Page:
Businesses need over 11 days to release goods in Chattogram Port

BTJ Desk Report
Businesses need over 11 days to release goods in Chattogram Port

The Metropolitan Chamber of Commerce and Industry (MCCI) said that businesses require longer than 11 days to release goods from the Chattogram port, found by the National Board of Revenue (NBR) in a recent study, media reported.

“Actually, it takes longer to get goods from the port as the NBR still physically examines the related documents against shipments, which is a time-consuming practice that has been dropped in most countries,” said MCCI President Md Saiful Islam.

He was speaking at a luncheon for business journalists at the MCCI office in Dhaka, then said the time needed to release goods would greatly reduce if shipping documents were submitted and assessed online.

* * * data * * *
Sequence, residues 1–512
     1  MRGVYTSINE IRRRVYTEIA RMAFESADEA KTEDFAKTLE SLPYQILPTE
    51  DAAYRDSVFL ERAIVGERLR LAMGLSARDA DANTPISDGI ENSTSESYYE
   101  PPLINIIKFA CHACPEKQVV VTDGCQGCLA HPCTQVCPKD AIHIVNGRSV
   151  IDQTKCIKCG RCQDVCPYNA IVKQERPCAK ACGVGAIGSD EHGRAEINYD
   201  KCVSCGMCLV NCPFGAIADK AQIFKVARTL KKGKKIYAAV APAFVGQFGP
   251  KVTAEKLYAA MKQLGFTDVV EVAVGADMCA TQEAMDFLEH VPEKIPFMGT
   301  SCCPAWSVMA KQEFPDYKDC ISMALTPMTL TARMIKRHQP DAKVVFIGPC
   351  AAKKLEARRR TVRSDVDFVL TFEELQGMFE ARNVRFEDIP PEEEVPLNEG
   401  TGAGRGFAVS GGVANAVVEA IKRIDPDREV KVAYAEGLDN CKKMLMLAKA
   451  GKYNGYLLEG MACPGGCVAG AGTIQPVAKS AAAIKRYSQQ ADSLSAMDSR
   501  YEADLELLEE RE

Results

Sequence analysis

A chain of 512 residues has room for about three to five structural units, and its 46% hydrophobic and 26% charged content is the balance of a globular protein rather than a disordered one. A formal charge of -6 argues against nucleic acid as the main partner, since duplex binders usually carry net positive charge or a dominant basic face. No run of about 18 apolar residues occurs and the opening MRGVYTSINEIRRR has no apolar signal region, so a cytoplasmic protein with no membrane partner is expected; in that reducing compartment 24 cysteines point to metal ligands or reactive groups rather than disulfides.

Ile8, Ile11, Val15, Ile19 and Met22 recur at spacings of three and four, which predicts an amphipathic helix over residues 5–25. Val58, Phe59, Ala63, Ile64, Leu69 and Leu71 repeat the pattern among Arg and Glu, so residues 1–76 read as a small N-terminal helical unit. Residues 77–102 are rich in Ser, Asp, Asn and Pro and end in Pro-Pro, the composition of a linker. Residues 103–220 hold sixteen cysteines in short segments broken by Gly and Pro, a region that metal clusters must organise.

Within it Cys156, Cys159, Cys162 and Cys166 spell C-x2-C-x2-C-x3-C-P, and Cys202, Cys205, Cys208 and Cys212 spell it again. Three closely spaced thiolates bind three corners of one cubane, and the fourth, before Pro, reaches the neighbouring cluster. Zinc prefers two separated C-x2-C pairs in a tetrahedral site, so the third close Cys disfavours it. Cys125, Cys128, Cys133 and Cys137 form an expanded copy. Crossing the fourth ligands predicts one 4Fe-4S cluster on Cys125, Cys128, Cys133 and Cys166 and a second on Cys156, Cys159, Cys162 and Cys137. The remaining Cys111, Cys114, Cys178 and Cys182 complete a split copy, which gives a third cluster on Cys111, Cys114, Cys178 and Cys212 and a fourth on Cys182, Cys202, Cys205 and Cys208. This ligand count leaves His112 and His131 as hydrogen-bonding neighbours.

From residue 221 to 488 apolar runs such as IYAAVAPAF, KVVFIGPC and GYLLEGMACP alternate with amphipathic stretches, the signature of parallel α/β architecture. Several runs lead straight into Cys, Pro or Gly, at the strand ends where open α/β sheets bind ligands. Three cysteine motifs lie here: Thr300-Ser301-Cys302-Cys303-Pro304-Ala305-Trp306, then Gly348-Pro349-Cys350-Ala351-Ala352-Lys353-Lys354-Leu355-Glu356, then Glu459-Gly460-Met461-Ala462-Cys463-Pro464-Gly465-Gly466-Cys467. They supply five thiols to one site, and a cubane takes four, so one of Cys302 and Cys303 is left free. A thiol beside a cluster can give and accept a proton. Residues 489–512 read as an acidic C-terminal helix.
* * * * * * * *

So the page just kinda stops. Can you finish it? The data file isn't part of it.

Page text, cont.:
Islam pointed to a study by the World Bank that said Bangladesh’s trade would increase by about 14.3% if port facilities, such as customs clearance, were made efficient.

He also said that it does not require money for trade facilitation. What is needed is a positive mindset.

The MCCI president also suggested the government make trade licenses valid for five years so that businesses do not need to spend money and time on renewing them annually.

Moreover, renewing trade licenses in union parishad areas is tougher compared to the process under city corporation areas, he added.

So, issuing long-term trade licenses will ultimately improve the ease of doing business.

He also said that if companies are given environmental certification for a five-year period, then authorities could inspect their activities periodically and cancel the license if any irregularities are found.

Bangladesh has been gradually losing its competitiveness in international trade due to poor logistics infrastructure.

However, different studies suggest that if the country improves its logistics infrastructure by 17%, then it will see a 7% jump in trade, which will prove essential after the country loses its preferential trade benefits as an LDC.

Bangladesh is set to graduate from the group of least developed countries (LDCs) in 2026.

Habibullah N Karim, vice-president of the MCCI, and Adeeb Hossain Khan, director, also spoke.


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